St. Timothy's Church in Catonsville

Robert Wolf, left, and Ralph Morehead chat with Father William Dunning following the 9 a.m. service Feb. 24 at St. Timothy's Church in Catonsville. Members of the church recently voted to leave the Episcopal Church and join the Anglican Ordinariate of the Roman Catholic Church. St. Timothy's will continue to host services for members of both congregations and Wolf and Morehead, who both live at the Charlestown retirement community said they plan to attend the 9 a.m. and 10:30 Sunday services. (Photo by Nicole Martyn / February 23, 2013)

Catherine Bellis was baptized at St. Timothy's Episcopal Church on Ingleside Avenue. She met her husband, Walter, singing in the choir. They were married there and raised eight children in the Catonsville parish where she taught Sunday school and served in the altar guild.

And when the congregation gathered in the parish auditorium Feb. 10 and voted to leave the Episcopal Church and to join the Roman Catholic Church, the 101-year-old parishioner voted with the majority.

The Episcopal Diocese of Maryland issued a press release Feb. 20 announcing the vote, saying 80 of 100 parishioners were present for the vote.

Of that group, 55 were voting members. Nonvoting parishioners included children and members who have not been active enough or belong to other faiths

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Of the voting members, more than 80 percent voted in favor of leaving the Episcopal Church and more than 75 percent voted to join the Catholic church as part of the Ordinariate of the Chair of St. Peter, according to the release.

The ordinariate is similar to a Catholic diocese and designed for Episcopalian and Anglican communities in the United States and Canada seeking to join the Catholic Church, according to Susan Gibbs, spokeswoman for the Ordinariate of the Chair of St. Peter.

As part of the ordinariate, established by Pope Benedict XVI in 2009, the group retains its Episcopalian traditions and heritage, while it is still considered fully Catholic. Other ordinariates have been established in England and Australia.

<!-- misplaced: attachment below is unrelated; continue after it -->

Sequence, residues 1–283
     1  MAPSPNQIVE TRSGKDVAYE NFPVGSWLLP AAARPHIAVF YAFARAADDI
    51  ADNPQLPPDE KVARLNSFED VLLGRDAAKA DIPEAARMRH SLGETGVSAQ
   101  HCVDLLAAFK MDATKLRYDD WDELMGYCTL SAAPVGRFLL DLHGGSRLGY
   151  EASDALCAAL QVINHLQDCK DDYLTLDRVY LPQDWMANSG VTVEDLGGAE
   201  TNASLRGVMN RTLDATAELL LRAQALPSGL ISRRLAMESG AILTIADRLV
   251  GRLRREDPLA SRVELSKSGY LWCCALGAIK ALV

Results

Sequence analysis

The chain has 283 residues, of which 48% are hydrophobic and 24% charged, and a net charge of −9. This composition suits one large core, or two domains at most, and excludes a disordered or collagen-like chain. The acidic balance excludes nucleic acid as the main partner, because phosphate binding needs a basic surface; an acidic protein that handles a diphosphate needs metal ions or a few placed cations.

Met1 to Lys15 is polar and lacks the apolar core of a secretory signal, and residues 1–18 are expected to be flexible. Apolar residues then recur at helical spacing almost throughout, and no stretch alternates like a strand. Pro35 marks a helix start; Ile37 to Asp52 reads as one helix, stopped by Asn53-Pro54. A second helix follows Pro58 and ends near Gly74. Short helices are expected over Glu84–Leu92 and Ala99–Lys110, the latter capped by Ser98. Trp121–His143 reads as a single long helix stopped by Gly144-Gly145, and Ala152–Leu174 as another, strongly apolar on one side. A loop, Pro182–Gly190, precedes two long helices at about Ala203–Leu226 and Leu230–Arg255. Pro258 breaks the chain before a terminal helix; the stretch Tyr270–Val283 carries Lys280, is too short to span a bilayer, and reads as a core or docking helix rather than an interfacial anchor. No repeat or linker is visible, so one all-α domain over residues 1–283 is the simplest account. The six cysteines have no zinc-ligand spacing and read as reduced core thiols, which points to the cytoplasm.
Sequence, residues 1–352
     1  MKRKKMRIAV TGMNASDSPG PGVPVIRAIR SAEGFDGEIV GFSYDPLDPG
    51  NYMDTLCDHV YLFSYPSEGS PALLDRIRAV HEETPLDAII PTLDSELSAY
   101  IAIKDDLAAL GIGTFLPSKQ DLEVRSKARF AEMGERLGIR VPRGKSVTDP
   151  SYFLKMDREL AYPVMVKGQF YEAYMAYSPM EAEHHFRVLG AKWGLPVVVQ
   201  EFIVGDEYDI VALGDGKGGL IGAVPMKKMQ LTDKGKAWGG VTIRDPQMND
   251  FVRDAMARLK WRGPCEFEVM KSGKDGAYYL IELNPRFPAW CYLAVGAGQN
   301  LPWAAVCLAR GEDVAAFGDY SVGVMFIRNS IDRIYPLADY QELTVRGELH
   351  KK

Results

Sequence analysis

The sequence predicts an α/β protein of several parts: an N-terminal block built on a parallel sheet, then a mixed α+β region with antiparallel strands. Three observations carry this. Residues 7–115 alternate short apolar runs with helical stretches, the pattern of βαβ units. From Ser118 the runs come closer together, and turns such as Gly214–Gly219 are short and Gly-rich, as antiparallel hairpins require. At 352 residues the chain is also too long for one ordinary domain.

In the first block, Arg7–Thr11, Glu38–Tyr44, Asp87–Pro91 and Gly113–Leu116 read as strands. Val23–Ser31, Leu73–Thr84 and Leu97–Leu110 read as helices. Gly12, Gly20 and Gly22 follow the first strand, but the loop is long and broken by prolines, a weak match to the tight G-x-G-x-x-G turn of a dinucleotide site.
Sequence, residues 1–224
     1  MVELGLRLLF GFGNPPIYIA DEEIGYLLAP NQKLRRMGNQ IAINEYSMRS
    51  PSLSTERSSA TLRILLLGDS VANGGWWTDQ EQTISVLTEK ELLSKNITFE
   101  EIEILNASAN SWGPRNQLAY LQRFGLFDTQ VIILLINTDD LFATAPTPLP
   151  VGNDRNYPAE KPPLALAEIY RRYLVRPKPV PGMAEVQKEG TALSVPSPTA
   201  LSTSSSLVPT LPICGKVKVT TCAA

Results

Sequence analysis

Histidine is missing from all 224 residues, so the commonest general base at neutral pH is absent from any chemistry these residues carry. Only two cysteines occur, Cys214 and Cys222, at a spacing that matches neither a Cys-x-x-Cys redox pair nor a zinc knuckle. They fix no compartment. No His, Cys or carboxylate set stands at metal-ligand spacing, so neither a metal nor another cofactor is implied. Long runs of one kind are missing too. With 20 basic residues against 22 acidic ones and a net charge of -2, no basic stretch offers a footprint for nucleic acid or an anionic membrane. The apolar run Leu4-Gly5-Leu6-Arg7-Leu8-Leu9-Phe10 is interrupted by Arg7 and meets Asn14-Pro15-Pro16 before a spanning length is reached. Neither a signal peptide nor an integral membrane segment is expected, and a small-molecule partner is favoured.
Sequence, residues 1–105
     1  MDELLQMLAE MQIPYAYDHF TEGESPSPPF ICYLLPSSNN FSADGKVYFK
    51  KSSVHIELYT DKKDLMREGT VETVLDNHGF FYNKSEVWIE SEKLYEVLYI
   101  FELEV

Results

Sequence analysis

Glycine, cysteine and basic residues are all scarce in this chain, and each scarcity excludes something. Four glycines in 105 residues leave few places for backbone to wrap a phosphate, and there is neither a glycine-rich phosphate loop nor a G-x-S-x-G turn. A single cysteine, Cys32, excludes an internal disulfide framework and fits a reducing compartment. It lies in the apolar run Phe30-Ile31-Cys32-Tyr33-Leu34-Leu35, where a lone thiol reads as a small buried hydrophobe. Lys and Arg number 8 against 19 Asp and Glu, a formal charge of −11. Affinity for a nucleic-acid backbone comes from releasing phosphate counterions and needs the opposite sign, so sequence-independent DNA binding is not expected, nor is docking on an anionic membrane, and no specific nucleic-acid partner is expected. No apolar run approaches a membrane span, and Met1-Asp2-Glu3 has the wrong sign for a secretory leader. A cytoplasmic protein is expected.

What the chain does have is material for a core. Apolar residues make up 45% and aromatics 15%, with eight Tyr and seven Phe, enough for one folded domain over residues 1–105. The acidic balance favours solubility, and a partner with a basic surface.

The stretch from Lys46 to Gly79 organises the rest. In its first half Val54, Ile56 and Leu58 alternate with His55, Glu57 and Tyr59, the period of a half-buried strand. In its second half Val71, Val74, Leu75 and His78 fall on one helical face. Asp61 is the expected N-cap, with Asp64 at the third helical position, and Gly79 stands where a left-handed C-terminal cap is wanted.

Catherine Bellis was among those who voted for the change.

"I've been here all my whole life," she said at the fellowship after Sunday services Feb. 24. "My decision was given to me by the Lord when I did not know what to do."

Bellis said she had searched her soul and prayed for an answer about whether to leave the religion of her birth and join the Catholic Church.

"The Lord said, "Do it,'" she said. "Whatever the Lord says, I do my best to carry out."

The vote came after months of study and prayer and was followed by a show of solidarity, said Lydia Temoshok, a parishioner for five years.

"After the vote, everyone joined hands in unity," she said.

A motion was made to accept the two proposals.

"It was unanimous," Temoshok said.

The vote was held in the presence of the Rev. Scott Slater, canon to the ordinary (bishop) for the Episcopal Diocese of Maryland, and Rev. Scott Hurd, vicar general for the Ordinariate of the Chair of St. Peter.

"It's been a long time coming," said Emory Stagmer, senior warden at the church.

St. Timothy's is the third congregation in the Baltimore area to join the Roman Catholic Church in this way. Christ the King Anglican Church in Towson and Mount Calvary Episcopal Church in Baltimore joined in 2012.

In addition, four former Episcopal churches were ordained for the ordinariate, according to Susan Gibbs, spokeswoman for the Ordinariate of the Chair of St. Peter.

The Episcopal nuns of All Saints Convent in Catonsville joined the Catholic Church in 2009.